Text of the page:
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Causewayed enclosure and Anglo-Saxon cemetery 500m ENE of Heath Place

A Scheduled Monument in Chadwell St Mary, Thurrock

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Latitude: 51.4996 / 51°29'58"N

Longitude: 0.378 / 0°22'40"E

OS Eastings: 565154.830323

OS Northings: 180531.78922

OS Grid: TQ651805

Mapcode National: GBR NLT.SH1

Mapcode Global: VHJL5.HKPR

Entry Name: Causewayed enclosure and Anglo-Saxon cemetery 500m ENE of Heath Place

Scheduled Date: 19 March 1974

Last Amended: 29 July 1994

Source: Historic England

Source ID: 1009286

English Heritage Legacy ID: 24868

County: Thurrock

Electoral Ward/Division: Chadwell St Mary

Built-Up Area: Southfields

Traditional County: Essex

Lieutenancy Area (Ceremonial County): Essex

Church of England Parish: Orsett; St Giles and All Saints

Church of England Diocese: Chelmsford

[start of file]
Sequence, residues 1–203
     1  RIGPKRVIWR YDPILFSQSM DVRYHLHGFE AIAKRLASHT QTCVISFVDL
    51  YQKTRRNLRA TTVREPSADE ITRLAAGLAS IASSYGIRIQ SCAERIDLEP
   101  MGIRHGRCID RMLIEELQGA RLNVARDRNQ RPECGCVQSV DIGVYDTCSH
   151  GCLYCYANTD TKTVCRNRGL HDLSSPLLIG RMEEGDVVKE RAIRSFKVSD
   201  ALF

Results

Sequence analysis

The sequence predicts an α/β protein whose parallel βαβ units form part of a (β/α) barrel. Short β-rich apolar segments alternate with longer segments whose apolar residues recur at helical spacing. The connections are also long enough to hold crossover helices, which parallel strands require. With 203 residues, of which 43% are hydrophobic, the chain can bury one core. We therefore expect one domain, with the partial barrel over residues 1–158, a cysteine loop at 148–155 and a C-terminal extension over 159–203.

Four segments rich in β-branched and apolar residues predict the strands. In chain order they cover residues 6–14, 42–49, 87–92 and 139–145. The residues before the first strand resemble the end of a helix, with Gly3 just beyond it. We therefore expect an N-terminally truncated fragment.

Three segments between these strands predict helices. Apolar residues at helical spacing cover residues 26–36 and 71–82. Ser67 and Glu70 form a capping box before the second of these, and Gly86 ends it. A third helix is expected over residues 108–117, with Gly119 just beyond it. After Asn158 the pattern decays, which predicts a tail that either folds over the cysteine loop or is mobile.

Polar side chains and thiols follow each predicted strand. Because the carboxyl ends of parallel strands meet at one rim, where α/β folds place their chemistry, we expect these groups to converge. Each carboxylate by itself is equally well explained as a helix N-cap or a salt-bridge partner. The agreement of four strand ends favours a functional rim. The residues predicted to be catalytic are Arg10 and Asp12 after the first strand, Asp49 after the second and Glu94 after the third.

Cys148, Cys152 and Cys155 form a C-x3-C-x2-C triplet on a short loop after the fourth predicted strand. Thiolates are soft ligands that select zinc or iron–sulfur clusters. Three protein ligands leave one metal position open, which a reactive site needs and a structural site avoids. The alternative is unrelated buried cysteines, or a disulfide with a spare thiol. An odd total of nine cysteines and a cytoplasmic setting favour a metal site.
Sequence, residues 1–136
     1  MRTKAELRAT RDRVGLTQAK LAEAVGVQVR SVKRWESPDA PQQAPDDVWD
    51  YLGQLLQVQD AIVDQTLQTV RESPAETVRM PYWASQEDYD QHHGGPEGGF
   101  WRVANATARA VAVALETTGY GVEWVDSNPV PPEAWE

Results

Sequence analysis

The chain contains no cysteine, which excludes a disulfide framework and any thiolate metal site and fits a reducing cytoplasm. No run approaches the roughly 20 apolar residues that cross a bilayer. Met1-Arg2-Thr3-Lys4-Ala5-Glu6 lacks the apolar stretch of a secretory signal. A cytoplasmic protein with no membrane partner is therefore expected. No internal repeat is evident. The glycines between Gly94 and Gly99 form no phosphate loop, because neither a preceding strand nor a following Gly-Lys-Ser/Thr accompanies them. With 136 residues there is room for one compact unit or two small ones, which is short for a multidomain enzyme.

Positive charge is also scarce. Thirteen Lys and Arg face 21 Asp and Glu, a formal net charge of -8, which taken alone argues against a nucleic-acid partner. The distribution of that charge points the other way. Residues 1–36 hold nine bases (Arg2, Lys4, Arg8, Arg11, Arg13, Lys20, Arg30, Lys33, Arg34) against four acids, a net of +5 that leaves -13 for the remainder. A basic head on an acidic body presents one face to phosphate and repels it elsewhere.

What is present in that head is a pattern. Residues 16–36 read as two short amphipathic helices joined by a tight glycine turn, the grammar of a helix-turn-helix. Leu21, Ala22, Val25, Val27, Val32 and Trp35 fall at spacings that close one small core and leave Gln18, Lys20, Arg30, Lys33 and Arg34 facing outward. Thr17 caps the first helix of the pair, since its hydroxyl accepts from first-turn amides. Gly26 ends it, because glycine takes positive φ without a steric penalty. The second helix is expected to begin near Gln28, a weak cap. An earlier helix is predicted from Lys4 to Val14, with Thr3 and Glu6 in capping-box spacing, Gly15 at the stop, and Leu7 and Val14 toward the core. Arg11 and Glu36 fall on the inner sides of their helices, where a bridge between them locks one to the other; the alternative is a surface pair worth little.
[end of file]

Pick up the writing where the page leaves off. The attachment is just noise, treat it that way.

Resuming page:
The monument includes a Neolithic causewayed enclosure and an Anglo-Saxon
round barrow cemetery situated on a natural platform on the Thames terraces.
The land slopes gently away from the monument towards the south into the
valley of a small tributary of the Thames. To the east and west it slopes into
smaller dry valleys.

Although there are no visible earthworks at ground level the monument survives
as buried features which have been recognised as cropmarks from aerial
photographs. These include three roughly circular concentric interrupted
ditches (i.e.they are not continuous but are, rather, crossed by causeways at
irregular intervals), enclosing an area at least 160m in diameter.
The outer two ditches are 10m apart. A palisade trench lies between the inner
and middle ditches. This palisade trench has three breaks in it, coinciding
with those in the outer ditches. The inner ditch is between 30m and 40m from
the middle ditch and encloses an area measuring between 80m and 95m across.
Other internal features such as postholes and pits can be seen within the
enclosed area on aerial photographs.
Also visible on aerial photographs, within the southern half of the inner
circuit, are at least 5 round barrows represented by ring ditch cropmarks.
These are between 8m and 13m in diameter with a circular ditch from 1m-2m wide